Former Republican presidential candidate John McCain initially demanded the imposition of a ‘no-fly zone’ over Syria and the establishment of “safe areas” within the country. However, by the next day he was admitting that the evidence for chemical weapons “may not be airtight”. What caused the change of tune? A little reflection - and elements within the establishment - might have persuaded him that perhaps there was a problem with his call to “provide weapons to people in the resistance who we trust”.

Now who would they be? While there are clearly many different groups involved in the fighting on the ground, for the imperialists Syria has no single “legitimate opposition”.1 In other words, there are very few “people in the resistance who we trust”.There is, of course, the Syrian branch of the Muslim Brotherhood, which is credited, especially amongst exiles, with being the leading force in the Commission for Civilian Protection - an umbrella organisation of local militias which enjoys increasingly close relations with the US state department. However, the US fears a Frankenstein scenario: ie, US weapons falling into the hands of bitter foes.

Amongst such groups is the al Nusra front, which openly avows its connection to al Qa’eda and fights for a religious-dominated greater Syria. Interestingly, the front has been accused by Hossein Amir-Abdollahein, Iran’s deputy foreign minister, of being responsible for the chemical attacks. The US fears that such is the nature of Syria that the fall of the Ba’athist regime will not result in an orderly transition to a MB-dominated government, but a failed state and the fracturing of the country. What would happen then? Small groups like al Nusra could perhaps gets their hands on some of Assad’s chemical weapons. Imagine what their co-thinkers could do with just a small phial of sarin on the New York subway.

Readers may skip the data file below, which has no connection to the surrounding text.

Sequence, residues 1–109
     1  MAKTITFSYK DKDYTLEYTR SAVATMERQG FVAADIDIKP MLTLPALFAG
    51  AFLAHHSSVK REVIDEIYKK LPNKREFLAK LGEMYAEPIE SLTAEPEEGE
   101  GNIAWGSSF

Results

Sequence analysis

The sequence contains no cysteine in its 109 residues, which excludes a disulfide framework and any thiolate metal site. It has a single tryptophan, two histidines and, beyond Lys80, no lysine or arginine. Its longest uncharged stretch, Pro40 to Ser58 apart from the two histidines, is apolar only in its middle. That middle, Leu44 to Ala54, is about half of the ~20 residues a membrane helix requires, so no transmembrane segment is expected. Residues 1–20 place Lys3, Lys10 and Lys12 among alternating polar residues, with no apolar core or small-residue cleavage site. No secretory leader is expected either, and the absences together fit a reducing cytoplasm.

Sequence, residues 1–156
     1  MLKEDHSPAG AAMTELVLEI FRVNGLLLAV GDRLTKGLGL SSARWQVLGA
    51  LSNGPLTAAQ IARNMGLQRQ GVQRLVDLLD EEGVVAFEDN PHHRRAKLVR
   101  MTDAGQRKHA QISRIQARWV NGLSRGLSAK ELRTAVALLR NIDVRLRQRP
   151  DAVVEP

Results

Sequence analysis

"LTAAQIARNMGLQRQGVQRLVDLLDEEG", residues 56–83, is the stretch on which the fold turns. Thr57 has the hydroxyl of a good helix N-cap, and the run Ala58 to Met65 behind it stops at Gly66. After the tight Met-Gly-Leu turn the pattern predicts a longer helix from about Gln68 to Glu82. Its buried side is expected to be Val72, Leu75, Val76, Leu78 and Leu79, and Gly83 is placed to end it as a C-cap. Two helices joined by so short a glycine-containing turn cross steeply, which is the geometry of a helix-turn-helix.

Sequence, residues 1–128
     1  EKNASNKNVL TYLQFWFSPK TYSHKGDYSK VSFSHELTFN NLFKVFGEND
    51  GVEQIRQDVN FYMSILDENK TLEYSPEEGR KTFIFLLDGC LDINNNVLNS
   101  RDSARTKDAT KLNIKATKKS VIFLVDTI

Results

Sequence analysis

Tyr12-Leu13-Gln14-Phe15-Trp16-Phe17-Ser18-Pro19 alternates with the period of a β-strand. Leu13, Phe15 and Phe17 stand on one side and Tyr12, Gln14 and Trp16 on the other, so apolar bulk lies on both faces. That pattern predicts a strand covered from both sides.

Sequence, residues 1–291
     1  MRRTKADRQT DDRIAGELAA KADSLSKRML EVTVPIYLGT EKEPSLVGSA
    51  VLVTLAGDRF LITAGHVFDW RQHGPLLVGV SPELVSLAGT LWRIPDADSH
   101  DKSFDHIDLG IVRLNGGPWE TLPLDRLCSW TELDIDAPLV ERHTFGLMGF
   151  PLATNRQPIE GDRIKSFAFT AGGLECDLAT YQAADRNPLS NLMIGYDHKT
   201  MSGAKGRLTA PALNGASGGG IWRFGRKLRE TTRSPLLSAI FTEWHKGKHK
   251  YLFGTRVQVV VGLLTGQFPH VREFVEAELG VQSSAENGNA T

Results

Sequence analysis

This has led some commentators to imply - or even state openly in some cases - that the west should leave well alone. Better the enemy we know … After all, that nice, polite former London student, Bashar al-Assad, is not so bad, especially compared to elements in the opposition. In fact, next to Hafez, his father and predecessor as president, he is almost harmless.

Wishful thinking

Responding to this impasse, there is a tiny article in the latest Socialist Worker written by editor Judith Orr, under the headline, “West won’t help revolt in Syria”.2 That seems to imply a criticism - as though the imperialists ought to help the revolt. However, the article ends with the correct statement: “Western intervention would be a disaster for the ordinary Syrians who are fighting for freedom and democracy.”

But comrade Orr does not go into the reasons why the US is reluctant to intervene, beyond saying: “Obama is worried about the risks of the US getting embroiled in another war in the Middle East.” Why specifically is he “worried”? Yes, because he does not want a direct confrontation with Russia, because he risks provoking Iran and endangering Israel, but also because he is unsure of what will happen post-Assad.